Friday, January 30, 2009

Dark Dogma

Over the past several months I have visited many websites, participated in many discussions, and read many articles. In doing this, I have noticed a trend that frankly makes me sad.

I am a fan of science for several reasons, one of which is what is supposed to be an open minded approach to competing theories, such that those theories carry a certain amount logical gravitas. With that said, I am getting tired of the Dark Matter and Dark Energy dogma that seems more like a religious faith based endeavor than a legitimate speculative theory.

Case in point, article after article on this topic is published, yet you see nothing covering the competing theories. The argument is that the competing theories are "hogwash", and don't deserve face time. As far as I'm concerned, Dark Matter/Energy (DME from now on) is also hogwash, because none of it can be proved.

DME was made up to cover the butts of scientists who developed broken equations. There is a significant flaw in the current gravity based model of the universe. Time after time we observe things in the universe that are "unexpected" or "surprising", and time after time I find that the scientific community is more apt to add another invisible element to the baseline, rather than rethink the baseline itself. There are many articles published weekly showing this occurrence, so if you ever have the inclination, you can find this for yourself.

What's more disturbing are that competing theories are laughed at, or constantly scolded for being radical. Yeah, those round earth people were SO lame. And I'm telling you, the sun revolves around the earth. Er. Wait a minute. Get my point? History is littered with radical ideas that, in time, were found to be true. Since when did Astrophysics become so sacrosanct that this reasoning doesn't apply?

I am fascinated by competing theories, because I believe there are truths to be found in all of them. I don't think any one theory holds everything together, but that through looking at different theories, one can find the whole truth, and not just the part that gets you more funding for meaningless or unprovable research. Examples of this are the Electric Universe Theory, which is principally pushed by Wallace Thornhill & Dr. Anthony Peratt and the Unified Field Theory of Nassim Haramein.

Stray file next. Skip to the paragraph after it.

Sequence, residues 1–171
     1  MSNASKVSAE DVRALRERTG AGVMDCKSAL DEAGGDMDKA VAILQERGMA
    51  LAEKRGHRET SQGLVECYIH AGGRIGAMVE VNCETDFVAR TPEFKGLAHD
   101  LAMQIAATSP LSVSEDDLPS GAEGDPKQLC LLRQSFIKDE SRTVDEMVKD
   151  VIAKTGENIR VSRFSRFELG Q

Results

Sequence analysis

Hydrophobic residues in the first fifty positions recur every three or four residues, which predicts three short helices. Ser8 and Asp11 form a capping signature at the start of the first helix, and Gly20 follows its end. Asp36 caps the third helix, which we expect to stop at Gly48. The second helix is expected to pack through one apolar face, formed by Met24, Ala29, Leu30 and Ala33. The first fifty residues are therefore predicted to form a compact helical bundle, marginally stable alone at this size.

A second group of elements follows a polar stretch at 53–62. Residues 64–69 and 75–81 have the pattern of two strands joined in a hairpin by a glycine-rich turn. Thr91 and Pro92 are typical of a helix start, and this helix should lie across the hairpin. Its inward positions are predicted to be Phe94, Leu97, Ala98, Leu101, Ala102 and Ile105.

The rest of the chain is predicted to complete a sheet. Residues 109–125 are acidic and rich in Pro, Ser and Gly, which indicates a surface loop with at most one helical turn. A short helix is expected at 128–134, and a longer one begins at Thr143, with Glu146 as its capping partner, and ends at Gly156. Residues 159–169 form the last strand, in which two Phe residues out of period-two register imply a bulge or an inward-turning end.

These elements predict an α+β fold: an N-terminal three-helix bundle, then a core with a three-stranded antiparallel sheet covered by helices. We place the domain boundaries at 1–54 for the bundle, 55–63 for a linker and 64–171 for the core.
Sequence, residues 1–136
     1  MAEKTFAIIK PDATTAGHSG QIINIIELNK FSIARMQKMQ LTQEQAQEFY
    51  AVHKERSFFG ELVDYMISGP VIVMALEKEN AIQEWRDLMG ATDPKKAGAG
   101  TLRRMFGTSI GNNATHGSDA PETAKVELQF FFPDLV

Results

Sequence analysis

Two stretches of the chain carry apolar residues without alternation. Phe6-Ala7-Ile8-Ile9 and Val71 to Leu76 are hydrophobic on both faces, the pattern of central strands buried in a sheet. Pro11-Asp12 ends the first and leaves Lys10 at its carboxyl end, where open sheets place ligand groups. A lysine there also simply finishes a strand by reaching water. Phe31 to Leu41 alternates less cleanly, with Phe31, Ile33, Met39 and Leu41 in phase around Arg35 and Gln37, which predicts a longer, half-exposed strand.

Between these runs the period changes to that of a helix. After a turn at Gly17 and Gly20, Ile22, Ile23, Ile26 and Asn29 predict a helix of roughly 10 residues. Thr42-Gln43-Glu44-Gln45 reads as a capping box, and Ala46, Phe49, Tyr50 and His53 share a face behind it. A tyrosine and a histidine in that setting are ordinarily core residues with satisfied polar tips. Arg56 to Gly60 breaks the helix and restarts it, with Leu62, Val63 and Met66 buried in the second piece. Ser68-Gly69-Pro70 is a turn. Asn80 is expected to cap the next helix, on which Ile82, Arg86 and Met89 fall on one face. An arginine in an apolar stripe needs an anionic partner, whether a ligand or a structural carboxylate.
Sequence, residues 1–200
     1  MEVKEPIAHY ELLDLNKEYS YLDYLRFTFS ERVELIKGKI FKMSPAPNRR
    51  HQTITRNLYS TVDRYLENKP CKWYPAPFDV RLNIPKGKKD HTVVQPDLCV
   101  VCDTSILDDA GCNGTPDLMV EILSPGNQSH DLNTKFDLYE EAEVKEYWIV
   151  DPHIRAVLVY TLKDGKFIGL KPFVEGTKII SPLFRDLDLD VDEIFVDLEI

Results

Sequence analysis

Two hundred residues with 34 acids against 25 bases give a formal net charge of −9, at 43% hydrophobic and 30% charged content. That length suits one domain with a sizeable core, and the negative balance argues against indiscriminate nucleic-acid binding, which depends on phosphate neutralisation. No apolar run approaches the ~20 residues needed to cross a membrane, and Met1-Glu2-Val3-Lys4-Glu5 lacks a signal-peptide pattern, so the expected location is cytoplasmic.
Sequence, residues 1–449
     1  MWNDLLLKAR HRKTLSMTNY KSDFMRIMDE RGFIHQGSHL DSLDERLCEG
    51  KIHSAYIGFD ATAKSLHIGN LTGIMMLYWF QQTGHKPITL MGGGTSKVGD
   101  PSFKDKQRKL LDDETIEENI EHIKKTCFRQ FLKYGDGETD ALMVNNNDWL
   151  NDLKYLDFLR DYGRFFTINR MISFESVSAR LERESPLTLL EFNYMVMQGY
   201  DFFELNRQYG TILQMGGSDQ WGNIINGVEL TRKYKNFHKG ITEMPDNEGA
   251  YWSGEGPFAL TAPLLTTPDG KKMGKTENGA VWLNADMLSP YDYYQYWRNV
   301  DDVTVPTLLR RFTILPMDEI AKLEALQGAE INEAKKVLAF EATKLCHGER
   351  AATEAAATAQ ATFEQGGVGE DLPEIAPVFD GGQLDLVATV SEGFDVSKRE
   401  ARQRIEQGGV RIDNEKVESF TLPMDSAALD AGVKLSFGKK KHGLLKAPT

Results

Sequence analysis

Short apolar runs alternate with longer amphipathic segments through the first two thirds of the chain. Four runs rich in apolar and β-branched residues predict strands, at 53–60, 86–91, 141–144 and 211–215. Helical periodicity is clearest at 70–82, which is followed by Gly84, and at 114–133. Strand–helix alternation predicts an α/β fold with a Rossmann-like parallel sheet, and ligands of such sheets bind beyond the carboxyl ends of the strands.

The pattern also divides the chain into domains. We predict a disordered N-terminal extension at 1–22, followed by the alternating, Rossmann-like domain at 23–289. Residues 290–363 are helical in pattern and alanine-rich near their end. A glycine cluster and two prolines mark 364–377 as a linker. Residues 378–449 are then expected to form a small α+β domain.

Both of these theories are amazing in their approach, and although I'm not a 100% "band wagoner" for either of them, I do find certain parts of their arguments to be very compelling and logical. Where EU falls short is in the mathematical modeling sector, but since Plasma Physics is a relatively new principle discipline, this somewhat makes sense. What they do provide is a lot of visual evidence to support their theory. In many ways, the universe does behave like that of plasma physics experiments. The UFT model of Haramein is loaded with mathematical calculations and proofs, but they have yet to apply a grand scale prediction using their model.

Here is what I love about just these two theories; EU doesn't believe black holes exist and UFT thinks black holes are everywhere, from the micro to the macro scale. I am open minded enough to see the point of view of both of these. Why can't main stream science be the same?

Thursday, January 29, 2009

Voting on Hubble's Next Target

NASA has decided to let the public decide where to point Hubble next. You can go to the NASA website and select one of six options. Okay, so it's not exactly a free-for-all form of suggestions, because some schmuck might say, "Zoom in on the Martian face!" Hubble's a bit near sighted, and last I checked, couldn't focus on anything in our solar system very well to begin with.

So, I can see why they'd offer up some pre-selected options and have the public vote on that. However, I am severely disappointed in the options. Whoopie-fraggin-do! What they've selected is frankly...boring. How about this, focus on Alpha Centauri, our closest star? Talk about being able to get some great resolution shots. Plus, being so relatively close, maybe a planet or two would pop up, or asteroids.